4 September Islamabad – Jhelum - 123km
We said good-bye to our friends in the campsite and got on the road to Lahore. A fairly easy ride as the road is so much smoother than the KKH (that does not mean its perfect). It was still very hot and humid but it always appears to be better on the bike as at least there some air movement. The roads were also not as busy as usual due to Ramzaan. Most of the roadside truck stops and petrol stations, or CNG stops (they use compressed natural gas instead of petrol) were however open so there was no shortage of something to drink along the way. The road south was fairly level and we reached Jhelum in good time where we stayed in a local hotel. Even they wanted to give as breakfast at 4h00, which we politely declined. One thing about the local Pakistani hotels is that they clearly indicate the direction of Mecca, and rooms come not with towels but with a prayer mat.
5 September Jhelum – Gujranwala - 100km
After our own, much later, breakfast of peanut butter sandwiches, we left our room in Jhelum. In the early afternoon we encountered one of the biggest storms to date, first with a howling dust storm and then thunder and lightning and hail!! We look shelter with the locals and after about an hour it cleared and we could be on our way again. It was still drizzling but at least the dust settled and we could see where we were going. When it started pouring again, we pretended we were rich tourists and booked into an overpriced roadside hotel (still with dirty sheets and broken bathroom fittings!).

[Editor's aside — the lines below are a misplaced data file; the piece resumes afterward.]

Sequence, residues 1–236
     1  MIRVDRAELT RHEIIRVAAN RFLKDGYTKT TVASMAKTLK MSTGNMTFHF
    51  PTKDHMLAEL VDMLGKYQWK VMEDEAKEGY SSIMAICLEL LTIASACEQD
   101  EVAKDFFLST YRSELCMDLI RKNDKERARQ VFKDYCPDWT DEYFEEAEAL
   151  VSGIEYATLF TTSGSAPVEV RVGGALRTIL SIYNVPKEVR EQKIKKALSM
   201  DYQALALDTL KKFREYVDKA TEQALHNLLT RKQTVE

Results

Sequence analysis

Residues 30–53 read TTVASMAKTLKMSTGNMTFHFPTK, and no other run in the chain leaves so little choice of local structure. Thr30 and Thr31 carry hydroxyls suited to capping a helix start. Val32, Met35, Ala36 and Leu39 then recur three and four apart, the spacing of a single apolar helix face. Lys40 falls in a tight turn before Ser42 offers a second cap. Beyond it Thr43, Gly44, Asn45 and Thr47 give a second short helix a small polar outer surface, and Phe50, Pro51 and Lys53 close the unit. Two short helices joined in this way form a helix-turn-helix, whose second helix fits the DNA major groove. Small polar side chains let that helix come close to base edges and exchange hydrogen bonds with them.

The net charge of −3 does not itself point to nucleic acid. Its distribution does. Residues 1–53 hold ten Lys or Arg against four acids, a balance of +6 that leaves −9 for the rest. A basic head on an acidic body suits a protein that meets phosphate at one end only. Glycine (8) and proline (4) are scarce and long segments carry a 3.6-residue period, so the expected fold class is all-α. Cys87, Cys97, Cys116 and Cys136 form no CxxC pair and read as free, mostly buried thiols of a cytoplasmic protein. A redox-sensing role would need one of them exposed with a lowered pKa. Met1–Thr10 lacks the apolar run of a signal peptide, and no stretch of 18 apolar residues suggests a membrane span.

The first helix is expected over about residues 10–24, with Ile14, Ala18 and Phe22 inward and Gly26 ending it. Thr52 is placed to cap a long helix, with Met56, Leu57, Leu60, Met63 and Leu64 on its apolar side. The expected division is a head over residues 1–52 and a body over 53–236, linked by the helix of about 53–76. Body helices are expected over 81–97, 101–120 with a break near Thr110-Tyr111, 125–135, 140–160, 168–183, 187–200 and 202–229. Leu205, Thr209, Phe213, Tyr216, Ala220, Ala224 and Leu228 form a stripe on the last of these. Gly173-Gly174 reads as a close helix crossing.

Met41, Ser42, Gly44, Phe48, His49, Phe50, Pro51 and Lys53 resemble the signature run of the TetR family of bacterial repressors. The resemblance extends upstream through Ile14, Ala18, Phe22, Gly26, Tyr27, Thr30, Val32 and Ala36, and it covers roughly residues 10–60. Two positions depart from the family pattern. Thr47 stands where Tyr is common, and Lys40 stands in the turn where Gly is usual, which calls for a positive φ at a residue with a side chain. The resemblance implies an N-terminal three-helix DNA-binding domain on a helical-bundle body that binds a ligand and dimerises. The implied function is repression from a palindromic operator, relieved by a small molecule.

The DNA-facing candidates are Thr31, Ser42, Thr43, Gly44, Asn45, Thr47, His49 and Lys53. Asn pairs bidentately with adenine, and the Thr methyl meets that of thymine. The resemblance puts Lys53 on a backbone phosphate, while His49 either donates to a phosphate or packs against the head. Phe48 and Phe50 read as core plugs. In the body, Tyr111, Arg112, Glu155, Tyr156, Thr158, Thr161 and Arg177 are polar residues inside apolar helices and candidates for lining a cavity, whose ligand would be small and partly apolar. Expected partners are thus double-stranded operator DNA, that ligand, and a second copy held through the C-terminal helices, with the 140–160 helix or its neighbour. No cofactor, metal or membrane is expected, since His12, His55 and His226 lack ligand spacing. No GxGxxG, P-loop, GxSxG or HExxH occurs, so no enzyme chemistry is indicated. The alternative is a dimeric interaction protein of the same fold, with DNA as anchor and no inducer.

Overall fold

6 September - Gujranwala – Lahore - 82km
It was a fairly quick ride in to Lahore on a flat but very bumpy road (work in progress) Here the road passes through numerous busy markets with chaotic traffic. The area is not unlike Africa with cakes of buffalo/cow dung being dried next to the road for fire, and each and everyone on a bicycle racing you. It’s normally not long before a chain or peddle comes off, or otherwise they normally tire after a few minutes. Cycling into Lahore is another item that could be considered for “Fear Factor”!! The streets are jam-packed with vehicles, animals and people of all shapes and sizes and as far I can figure there are no rules, just go!! It seems important to make as much noise as possible, and for us on the bicycles every 10 metres of safe progress felt like a major accomplishment.
7th & 8th September - Lahore
We found a reasonable place to stay in Anarkali market with its narrow and winding ally’s. Not only do you have to dodge the rickshaws and other traffic but also the cricket balls flying everywhere, as it’s a game played on every pavement, street or open area. We wondered around and visited the old city, fort and mosque. We and ate from the street stalls, which are everywhere, even although it’s Ramzaan. The air pollution is tangible, and Ernest picked up the dreaded “Lahore Throat” (which turned into a bad cold later).